Every day thousands of Asian women driven by desperation, poverty and social stigma seek help from unskilled providers, or quacks, to end unplanned pregnancies. Every day more than 100 such women–many of them young girls just beginning their lives–die as a result. Tens of thousands more suffer life-long disabilities. In Asia, unsafe abortion accounts for 12 percent of all maternal, or pregnancy-related, deaths and claims the lives of 38,000 women each year, according to the World Health Organization.

By liberalizing restrictive abortion laws and allocating resources toward providing safe abortion services, governments can save the lives of tens of thousands of women every year. Unsafe abortion has reached such epic proportions in Asia that political will and civil society efforts need to be synergized to adequately address this issue.

To ensure reproductive and sexual health and reduce maternal morbidity and mortality, one of the most achievable interventions is to ensure that safe abortion services must be in place.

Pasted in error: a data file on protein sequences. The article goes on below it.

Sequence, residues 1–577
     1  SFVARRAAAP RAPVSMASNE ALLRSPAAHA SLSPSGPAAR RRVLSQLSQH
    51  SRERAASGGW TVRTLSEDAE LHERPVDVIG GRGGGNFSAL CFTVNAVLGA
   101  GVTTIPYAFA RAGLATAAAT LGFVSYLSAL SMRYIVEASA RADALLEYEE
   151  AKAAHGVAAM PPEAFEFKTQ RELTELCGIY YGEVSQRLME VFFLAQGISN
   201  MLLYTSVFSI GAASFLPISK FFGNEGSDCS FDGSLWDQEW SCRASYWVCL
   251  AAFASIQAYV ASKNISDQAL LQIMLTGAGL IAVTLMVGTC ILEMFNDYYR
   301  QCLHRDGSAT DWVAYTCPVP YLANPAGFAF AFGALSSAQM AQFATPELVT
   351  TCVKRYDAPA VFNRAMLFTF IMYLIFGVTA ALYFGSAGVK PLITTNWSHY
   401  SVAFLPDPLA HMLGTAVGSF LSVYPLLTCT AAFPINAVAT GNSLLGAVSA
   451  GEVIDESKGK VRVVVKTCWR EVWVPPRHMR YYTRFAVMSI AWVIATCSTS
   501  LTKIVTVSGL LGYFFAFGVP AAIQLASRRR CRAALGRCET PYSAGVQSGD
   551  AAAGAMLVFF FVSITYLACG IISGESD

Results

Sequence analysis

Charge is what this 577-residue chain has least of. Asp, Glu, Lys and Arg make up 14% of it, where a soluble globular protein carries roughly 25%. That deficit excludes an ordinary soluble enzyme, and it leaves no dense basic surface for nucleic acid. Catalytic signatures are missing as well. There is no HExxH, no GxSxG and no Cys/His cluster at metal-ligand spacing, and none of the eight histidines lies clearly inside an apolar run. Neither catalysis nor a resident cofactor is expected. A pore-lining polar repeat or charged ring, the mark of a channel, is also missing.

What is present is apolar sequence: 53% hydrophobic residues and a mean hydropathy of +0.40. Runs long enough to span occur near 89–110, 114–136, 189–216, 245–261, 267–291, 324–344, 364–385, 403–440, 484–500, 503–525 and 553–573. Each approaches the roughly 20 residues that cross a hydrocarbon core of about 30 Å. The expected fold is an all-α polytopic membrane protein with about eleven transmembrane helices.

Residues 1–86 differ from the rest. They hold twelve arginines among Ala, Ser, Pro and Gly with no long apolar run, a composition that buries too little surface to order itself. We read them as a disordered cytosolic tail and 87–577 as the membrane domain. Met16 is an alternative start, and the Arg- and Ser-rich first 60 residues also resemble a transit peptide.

Medical abortion using a combination of mifepristone and misoprostol, or misoprostol alone has the potential to meet the needs of millions of women for a safe and affordable way to terminate an unwanted pregnancy. Asian countries like India and China are globally the largest producers of the Medical Abortion pill, yet public health programmes in Asia do not provide this on their drug schedule or programmes. Professional also sometimes lack the knowledge about how to use them and thus medical abortion is not accessible to the vast majority of women throughout the world who could benefit from it.

Organizational History

In March 2008, 37 participants from 13 countries met in Kuala Lumpur and formed the Asia Safe Abortion Partnership (ASAP), facilitated by ICMA. This network has members from Bangladesh, Cambodia, India, Indonesia, Malaysia, Mongolia, Nepal, Pakistan, Philippines, Sri Lanka, Thailand, Turkey and Vietnam. ASAP is the only such network in Asia and we work on south-south capacity building and providing a forum for experience sharing and interactions. Members and partners at country level are supported in their advocacy work through small grants, networking and capacity building opportunities.

ASAP Staff

  • Dr. Suchitra Dalvie – Coordinator, ASAP
  • Nandini Mazumder – Assistant Coordinator, ASAP
  • Ayesha Bashir – Communication and Network Manager
  • Mahak Agrawal – Communication and Network Officer
  • Ms. Sunita Mungekar – Accounts Officer

Steering Committee Members

  • Dr. Subatra Jayaraj – Chairperson, Malaysia
  • Prof. Suzanne Belton, Australia
  • Yu Yang, China
  • Zargoona Wadood, Pakistan
  • Na Young, South Korea
  • Desaree Soysa, Sri Lanka
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